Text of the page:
How is it that we can love, adore, and embrace another person’s imperfections so easily yet despise our own?  Or not even let someone else adore our imperfections the way they want to?  I was watching my favorite news today and there was a young lady on with such a unique face.  I couldn’t get over how adorably cute she was, not in spite of a slightly funny face, but because of it.  Another one of the ladies who clearly couldn't dance well was trying and it melted me so much and gave me such a greater appreciation and admiration for her.  Yet I really have a hard time embracing the fact that I can’t dance to save my soul… and I sure as hell don’t want someone else to love that fact about me!  What is it that society has put in our heads that causes this? 
Imagine my surprise when I found out that one of my absolute favorite parts of my boyfriend’s face is something that he views as a flaw.  I was completely shocked.  Shocked as in my mind kept saying “NO!!!”  Shocked.  His mouth is just so beautiful to me, how can that be something that he does not see? 
People are just cute to me in all of their uniquenesses.  Uniquities?  Differences.  So why, then, do we strive to all be so similar?  I don’t get it.
People who don’t smile because they don’t like their teeth. 
People who won’t sing aloud because they can’t sing well.
People who won’t dance because they can’t dance well.
People who are afraid to speak up because they worry their ideas will be shot down. 
How can we appreciate these things so much in each other yet despise them in ourselves?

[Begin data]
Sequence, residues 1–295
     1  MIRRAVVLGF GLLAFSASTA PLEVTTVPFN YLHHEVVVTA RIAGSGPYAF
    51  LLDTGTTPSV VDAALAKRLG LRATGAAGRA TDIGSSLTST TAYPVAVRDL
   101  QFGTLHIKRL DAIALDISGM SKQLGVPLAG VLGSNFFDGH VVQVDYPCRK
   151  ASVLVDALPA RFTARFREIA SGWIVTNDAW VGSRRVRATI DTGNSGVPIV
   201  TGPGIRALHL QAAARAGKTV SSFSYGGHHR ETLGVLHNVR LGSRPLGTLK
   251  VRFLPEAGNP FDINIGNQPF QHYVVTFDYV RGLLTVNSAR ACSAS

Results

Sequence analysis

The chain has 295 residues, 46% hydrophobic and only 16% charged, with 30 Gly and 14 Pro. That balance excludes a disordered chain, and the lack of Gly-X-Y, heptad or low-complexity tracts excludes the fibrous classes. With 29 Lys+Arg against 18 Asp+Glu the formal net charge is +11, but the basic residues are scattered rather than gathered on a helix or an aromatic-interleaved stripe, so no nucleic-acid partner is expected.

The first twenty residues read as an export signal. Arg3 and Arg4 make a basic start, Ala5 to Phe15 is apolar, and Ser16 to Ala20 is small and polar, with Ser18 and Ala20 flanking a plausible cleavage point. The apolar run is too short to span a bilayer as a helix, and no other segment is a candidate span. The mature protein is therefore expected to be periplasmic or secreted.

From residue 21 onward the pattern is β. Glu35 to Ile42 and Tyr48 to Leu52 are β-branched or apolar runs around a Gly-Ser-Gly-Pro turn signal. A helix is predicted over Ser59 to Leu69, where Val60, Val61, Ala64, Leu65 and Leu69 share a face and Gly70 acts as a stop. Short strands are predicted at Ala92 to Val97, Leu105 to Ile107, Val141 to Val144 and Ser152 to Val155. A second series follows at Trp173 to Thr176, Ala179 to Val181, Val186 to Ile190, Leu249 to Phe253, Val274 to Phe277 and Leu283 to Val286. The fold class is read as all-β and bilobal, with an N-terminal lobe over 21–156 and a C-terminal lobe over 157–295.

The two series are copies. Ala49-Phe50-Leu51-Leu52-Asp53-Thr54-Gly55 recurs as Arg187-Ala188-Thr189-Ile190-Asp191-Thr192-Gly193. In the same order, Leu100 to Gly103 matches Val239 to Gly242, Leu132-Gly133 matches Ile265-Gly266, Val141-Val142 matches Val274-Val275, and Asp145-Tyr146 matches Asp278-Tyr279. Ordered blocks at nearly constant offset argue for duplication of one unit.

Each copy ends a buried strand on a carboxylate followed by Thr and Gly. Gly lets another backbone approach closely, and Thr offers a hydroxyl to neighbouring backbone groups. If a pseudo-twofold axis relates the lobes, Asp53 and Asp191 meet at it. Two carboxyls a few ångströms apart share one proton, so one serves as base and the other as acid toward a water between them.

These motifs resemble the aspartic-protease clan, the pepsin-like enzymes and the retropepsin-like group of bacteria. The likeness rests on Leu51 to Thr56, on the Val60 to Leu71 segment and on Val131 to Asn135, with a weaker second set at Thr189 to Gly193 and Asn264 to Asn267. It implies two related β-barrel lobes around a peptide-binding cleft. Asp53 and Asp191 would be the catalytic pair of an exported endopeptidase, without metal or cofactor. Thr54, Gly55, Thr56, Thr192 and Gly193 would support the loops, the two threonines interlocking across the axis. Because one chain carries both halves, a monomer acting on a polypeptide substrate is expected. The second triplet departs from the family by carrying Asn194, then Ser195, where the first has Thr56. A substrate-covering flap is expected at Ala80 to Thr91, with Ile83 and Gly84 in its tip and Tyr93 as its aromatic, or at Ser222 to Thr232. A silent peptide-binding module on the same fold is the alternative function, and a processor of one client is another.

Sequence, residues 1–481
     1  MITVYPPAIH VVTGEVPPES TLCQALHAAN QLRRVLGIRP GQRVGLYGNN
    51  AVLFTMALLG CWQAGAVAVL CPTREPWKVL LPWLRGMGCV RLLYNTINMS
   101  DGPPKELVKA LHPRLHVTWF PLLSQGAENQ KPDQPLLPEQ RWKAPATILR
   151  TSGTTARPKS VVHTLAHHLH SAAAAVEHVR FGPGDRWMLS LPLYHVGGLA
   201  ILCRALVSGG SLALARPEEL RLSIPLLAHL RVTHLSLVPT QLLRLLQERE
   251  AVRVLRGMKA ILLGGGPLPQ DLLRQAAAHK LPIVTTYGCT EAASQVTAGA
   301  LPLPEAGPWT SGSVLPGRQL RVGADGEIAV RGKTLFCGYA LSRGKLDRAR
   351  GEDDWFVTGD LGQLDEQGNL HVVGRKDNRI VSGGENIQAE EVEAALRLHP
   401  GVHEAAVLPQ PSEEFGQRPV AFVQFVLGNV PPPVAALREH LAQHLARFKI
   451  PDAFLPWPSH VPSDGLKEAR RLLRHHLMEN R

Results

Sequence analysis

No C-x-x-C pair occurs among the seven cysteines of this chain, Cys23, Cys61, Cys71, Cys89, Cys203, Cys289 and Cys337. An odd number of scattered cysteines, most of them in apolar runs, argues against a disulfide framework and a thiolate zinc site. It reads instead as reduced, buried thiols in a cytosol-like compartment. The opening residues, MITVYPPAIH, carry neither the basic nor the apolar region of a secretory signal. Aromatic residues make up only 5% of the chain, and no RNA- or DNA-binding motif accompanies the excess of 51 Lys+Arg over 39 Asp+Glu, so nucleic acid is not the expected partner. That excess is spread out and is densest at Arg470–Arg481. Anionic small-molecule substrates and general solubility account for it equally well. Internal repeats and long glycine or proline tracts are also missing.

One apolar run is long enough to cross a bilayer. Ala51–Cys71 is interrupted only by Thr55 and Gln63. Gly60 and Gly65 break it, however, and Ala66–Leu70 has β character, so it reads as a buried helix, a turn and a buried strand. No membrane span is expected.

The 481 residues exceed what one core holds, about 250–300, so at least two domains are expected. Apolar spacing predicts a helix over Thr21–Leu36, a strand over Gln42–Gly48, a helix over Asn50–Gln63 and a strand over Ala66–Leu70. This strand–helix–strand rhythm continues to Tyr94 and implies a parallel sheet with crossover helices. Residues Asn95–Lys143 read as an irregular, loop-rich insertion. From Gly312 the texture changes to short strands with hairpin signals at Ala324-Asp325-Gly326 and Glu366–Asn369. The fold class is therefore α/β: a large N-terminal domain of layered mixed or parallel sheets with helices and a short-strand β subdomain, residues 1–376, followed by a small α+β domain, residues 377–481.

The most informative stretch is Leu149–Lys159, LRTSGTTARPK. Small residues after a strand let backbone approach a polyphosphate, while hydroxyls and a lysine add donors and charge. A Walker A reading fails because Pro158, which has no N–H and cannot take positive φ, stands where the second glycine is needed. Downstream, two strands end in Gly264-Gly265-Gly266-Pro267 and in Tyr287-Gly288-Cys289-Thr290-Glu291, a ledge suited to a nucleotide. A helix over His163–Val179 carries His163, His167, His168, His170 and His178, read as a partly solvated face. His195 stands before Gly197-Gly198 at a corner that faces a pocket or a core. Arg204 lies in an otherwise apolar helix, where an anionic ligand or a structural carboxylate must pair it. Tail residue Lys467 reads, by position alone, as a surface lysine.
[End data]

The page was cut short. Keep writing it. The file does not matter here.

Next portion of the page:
What even defines a flaw?  When I was younger, I was so disappointed that I didn't have the "Workman dimple".  It’s such a trademark of our family.  My cousin who is my age has the most breath-taking dimple.  She is just a beauty all the way around.  But I hated the fact that I didn't have that dimple.  To make me feel better, my mom pointed out that dimples were once viewed as a flaw.  It didn't make me feel better.  I just couldn't wrap my mind around that.  It was a “flaw” that I wanted.  I have it now.  When I saw a picture of myself and realized that I looked like the rest of them, I almost cried I was so happy.  Go figure.
I’m a Ginger.  No doubt about that.  Pale, red hair, and freckles.  I have the profound triad of Gingerdom.  I've come to grips with it, but it took time.  But the thing about it is that I know each of these has been considered a flaw at different points in time and in different locations.  I was ridiculed regularly for all three aspects of my Gingerness.  I still am, though now it’s usually with more affection than an intent to hurt (conveniently coupled with thicker skin over the years, right?).  But there often was an intent to hurt!  What is that all about?  Are we just so hung up on making ourselves feel better about people that we need to put others down?